This year, 5772, the last day of Pesach in Israel is on Friday. Is there any possible way that one could contrive to eat chometz on the shabbos immediately following Pesach?
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Per the Yalkut Yosef 448:5
It is permitted to eat Chometz on a Shabbos which is immediately after Sheviyi Shel Pesach - there is no Muktza involved, and you if it was sold to the non Jew according to Halacha you may eat it on the day of Shabbos immediately after Sheviyi Shel Pesach. However you have to be extra careful not to take the chometz on Sheviyi Shel Pesach since then you will be prohibited to eat it since you have done Baal Yiro'eh U'Baal Yimotzei. (Yechave Daas 2 Siman 64, Yabia Omer Orach Chaim 9 Siman 46)
As long as it's Pesach (i.e. until Friday at dark), a Jew cannot own any kind of chametz. Once Pesach ends, Shabbos immediately begins. A Jew cannot use money to (re)purchase chametz, and can't cook/bake any new chametz.
For this reason, even in Israel, observant Jews will use matza for their shabbos "challah" on the shabbos immeditaely after Pesach (known as the 8th day of Pesach in the Diaspora).
For Ashkenazi Israeli Jews, there is one way to make a clear distinction between the food on the shabbos after Pesach, and Pesach itself.
The custom of refraining from kitnyios on Pesach only applies to eating it. Ashkenazi Jews may own, do commerce with, and benefit from kitnyios throughout Pesach.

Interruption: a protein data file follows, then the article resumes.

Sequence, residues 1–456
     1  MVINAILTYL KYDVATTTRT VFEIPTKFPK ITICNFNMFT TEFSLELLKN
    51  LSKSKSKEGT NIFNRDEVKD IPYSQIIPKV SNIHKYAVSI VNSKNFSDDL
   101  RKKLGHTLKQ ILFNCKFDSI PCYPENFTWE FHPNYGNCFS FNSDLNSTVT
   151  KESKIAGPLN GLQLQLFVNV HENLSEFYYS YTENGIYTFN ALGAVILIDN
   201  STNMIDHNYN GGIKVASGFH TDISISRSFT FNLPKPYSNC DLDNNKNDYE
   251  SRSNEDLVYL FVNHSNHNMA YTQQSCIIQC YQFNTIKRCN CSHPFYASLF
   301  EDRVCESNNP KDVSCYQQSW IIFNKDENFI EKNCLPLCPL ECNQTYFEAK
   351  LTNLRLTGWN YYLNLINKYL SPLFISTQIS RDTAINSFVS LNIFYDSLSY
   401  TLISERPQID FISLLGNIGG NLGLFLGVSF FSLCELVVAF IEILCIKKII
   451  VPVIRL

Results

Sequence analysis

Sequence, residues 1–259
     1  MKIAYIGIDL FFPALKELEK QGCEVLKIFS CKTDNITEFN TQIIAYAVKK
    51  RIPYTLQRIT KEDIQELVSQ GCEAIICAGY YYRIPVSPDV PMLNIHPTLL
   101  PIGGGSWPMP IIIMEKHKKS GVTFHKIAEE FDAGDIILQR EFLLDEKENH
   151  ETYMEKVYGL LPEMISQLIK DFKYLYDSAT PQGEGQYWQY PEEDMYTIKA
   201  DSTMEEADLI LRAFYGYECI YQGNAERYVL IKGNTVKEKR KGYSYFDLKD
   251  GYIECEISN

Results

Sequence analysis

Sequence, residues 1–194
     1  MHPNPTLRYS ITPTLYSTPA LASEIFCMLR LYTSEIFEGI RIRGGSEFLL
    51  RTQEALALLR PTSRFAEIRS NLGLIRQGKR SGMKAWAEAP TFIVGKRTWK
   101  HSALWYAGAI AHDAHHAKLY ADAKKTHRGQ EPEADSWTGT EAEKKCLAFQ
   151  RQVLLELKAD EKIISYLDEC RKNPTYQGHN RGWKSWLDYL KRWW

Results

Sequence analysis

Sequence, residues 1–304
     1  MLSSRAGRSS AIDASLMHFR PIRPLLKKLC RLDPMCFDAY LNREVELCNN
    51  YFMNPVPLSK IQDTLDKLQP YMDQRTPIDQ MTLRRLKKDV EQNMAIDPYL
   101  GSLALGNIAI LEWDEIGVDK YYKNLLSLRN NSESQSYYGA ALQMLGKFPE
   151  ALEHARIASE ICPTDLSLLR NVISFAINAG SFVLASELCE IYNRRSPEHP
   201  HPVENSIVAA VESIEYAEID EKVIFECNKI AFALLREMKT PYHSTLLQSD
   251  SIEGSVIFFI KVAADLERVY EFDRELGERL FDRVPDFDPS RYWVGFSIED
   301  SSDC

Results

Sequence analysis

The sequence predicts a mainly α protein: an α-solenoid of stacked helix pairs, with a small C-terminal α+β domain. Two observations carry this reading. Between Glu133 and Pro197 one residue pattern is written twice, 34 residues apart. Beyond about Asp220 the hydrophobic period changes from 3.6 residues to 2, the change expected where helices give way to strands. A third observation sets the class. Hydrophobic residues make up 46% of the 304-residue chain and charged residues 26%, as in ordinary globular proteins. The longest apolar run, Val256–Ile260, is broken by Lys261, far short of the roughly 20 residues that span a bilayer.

So, buy some Pesach-certified kitnyios food on Chol HaMoed. Once shabbos starts, break out the rice, corn, beans, have a festive kitnyios meal!
For shabbos lunch, I highly recommend a salami sandwich, on matza, with MUSTARD (another kitnyios item).
Since this question only applies in Israel, I must disagree with msh210's suggestion. Here in Israel, there is a high probability that the fresh chametz product came into existence with at least some forbidden assistance from a Jew. Even if it came from an Arab-owned bakery that is certified kosher - that kosher supervision doesn't apply on Pesach! So, you can't eat it because it wasn't under kosher supervision at the time it was baked, so you have no way of knowing what exactly is in the chametz product.
I don't see why a gentile couldn't give you some on Shabas; you could even eat it if he hadn't made it for you. Of course, consult your rabbi for practical matters rather than relying on what you read here.
 But see the comments to this answer.